SHOW 2006

Early April saw the annual Brighton Jukebox Show held at Brighton Racecourse on England's south coast.

The racecourse is high on the South Downs affording a great view of Brighton and the surrounding areas but it was indoors and into the grandstand that we were going on this bright and breezy Saturday morning.

Entry cost £6 for an adult and £4 for a child with a family (2 adults and 2 children) costing £16.

Once through the doors the familiar vast array of jukeboxes, records and memorabilia stretched out into the distance.

But you know this report wouldn't be here unless there was a good pinball element to the show and it's good to report that there was no disappointment for pinball fans.

Sean Mills from Pinball Palace was there with his range of PinLED boards and following his new distributorship deal, boards from Rottendog Amusements.

Behind Sean were Phil Crow and Peter Heath from Pinballs To Go in Ramsgate.

Between them they had a good selection of games set to free play:

Trade Winds, Sweet Hearts, Lethal Weapon 3, Jackbot, Batman, Black Knight 2000, Valiant, Disk Jockey, Golden Gloves, Silver and Hi-Deal.

Just across the corridor were Mercury Amusements from Caerphilly who had brought an interesting selection of one famous pinball model.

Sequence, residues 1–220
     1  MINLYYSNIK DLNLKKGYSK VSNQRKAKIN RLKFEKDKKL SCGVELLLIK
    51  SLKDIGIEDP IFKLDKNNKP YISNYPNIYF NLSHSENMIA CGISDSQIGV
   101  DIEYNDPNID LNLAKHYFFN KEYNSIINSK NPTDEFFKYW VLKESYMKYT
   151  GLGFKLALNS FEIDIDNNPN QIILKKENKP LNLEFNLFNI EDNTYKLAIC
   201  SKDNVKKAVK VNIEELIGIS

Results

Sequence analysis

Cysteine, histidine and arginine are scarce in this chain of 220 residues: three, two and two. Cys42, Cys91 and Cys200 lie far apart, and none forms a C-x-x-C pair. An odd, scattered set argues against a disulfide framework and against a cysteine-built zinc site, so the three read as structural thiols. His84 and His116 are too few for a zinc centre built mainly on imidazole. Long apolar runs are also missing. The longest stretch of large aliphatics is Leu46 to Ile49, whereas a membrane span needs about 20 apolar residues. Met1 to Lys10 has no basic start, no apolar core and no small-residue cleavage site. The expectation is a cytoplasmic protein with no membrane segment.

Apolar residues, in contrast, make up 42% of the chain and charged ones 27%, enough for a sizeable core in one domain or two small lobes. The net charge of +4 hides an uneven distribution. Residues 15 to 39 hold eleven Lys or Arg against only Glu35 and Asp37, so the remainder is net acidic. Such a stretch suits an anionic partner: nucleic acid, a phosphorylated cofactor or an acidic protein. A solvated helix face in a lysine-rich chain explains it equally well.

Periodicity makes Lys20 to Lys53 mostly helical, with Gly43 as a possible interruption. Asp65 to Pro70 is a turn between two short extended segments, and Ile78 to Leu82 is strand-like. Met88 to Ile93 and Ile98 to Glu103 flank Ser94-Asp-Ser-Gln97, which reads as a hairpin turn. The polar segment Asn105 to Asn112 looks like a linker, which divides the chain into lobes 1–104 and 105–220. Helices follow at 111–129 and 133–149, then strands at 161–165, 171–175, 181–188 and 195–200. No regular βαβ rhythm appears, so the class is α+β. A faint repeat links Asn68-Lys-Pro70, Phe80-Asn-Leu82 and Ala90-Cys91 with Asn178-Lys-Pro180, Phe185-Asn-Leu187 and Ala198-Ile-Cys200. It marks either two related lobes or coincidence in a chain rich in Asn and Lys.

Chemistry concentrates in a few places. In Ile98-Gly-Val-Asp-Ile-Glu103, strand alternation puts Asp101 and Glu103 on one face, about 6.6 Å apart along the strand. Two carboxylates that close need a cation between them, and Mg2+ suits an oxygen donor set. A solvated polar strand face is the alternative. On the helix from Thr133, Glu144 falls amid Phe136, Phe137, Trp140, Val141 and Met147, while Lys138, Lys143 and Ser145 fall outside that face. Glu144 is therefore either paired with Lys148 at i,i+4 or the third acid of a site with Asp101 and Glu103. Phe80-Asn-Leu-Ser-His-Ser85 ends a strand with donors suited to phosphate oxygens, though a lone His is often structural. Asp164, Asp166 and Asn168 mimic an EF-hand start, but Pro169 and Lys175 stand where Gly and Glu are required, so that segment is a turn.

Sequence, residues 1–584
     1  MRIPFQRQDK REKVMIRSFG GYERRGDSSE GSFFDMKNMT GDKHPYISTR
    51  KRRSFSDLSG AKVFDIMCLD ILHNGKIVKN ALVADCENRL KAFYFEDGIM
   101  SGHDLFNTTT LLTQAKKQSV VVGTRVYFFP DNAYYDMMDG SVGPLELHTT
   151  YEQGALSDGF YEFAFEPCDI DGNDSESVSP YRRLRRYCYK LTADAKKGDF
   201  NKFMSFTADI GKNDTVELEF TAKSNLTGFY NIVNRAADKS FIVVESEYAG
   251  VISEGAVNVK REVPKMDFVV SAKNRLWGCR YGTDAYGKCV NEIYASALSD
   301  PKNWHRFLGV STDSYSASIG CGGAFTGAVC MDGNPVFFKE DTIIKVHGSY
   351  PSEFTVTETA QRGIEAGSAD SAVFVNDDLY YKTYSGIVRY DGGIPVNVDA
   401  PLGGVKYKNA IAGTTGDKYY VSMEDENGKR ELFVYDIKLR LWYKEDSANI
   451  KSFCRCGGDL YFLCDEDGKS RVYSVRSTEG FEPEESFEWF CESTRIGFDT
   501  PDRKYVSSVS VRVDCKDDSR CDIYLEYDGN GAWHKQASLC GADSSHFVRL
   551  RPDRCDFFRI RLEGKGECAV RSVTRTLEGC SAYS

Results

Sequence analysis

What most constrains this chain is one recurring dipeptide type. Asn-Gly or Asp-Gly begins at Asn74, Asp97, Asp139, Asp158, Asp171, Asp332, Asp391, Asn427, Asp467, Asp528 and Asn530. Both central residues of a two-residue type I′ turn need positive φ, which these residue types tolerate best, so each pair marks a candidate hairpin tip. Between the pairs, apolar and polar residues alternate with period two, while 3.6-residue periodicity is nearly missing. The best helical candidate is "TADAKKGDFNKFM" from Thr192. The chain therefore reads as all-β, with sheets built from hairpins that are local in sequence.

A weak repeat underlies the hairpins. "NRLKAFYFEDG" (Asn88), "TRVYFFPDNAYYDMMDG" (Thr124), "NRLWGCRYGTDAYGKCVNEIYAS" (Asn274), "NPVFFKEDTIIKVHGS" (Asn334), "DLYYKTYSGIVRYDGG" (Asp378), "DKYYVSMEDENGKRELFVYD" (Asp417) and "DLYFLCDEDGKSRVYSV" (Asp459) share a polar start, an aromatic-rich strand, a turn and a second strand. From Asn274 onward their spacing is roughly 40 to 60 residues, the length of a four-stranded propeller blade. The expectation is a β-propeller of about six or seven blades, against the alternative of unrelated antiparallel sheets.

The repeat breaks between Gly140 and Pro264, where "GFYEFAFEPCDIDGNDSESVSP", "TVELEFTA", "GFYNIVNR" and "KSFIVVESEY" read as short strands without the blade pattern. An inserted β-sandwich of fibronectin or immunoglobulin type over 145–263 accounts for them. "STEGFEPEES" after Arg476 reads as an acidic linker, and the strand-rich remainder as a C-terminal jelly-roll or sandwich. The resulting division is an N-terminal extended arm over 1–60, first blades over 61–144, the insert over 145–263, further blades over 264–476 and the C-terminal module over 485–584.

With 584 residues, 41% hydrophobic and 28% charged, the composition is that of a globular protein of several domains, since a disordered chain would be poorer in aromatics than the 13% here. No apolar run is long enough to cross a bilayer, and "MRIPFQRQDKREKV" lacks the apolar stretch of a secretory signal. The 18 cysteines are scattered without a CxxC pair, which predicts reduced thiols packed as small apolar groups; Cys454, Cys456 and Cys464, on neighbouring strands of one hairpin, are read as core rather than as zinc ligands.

This family of Addams games included one Gold machine in the middle and two regular games. Mercury had also brought along a Shadow and a Fish Tales.

There was an upstairs area but no visitors were up there and the one seller up there was still setting up. A shame as they had five pins - Oxo, Cue-Tease, Black Hole, Super Soccer and Ice Revue.

On the other side of the building was another room with more pinball machines.

These games were from Deco Pinball's Steve Tribe and his friend Jason and consisted of:

El Toro, Dolly Parton, Star Trek (Bally), Capt. Fantastic, Rolling Stones, Wizard, Kiss, Nugent, Silverball Mania, Evel Knievel, Happy Clown, Bumper, Rocket, One-Two-Three, Heat Wave and Surf Champ.

Steve's wife was selling raffle tickets at the show for a pinball machine and managed to raise £302 for Cancer Research with Shereen from Essex winning the El Toro game.

Across from Steve, Andrew from Nottingham was selling pinball games, slots and a few parts.

Overall, game prices were fair with the occasional good deal to be found. At least one pinball game changed hands while I was there.

The Brighton Jukebox show managed this year to continue its tradition of having a good pinball turnout. Not all games were available to play but most were and there was an interesting mix of newer and older games.

If you're not into jukeboxes or Americana then the show is just about worth the entry fee. But if you have even the slightest hankering for chrome and vinyl then it's a great way to spend a day immersed in nostalgia.


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© Pinball News 2006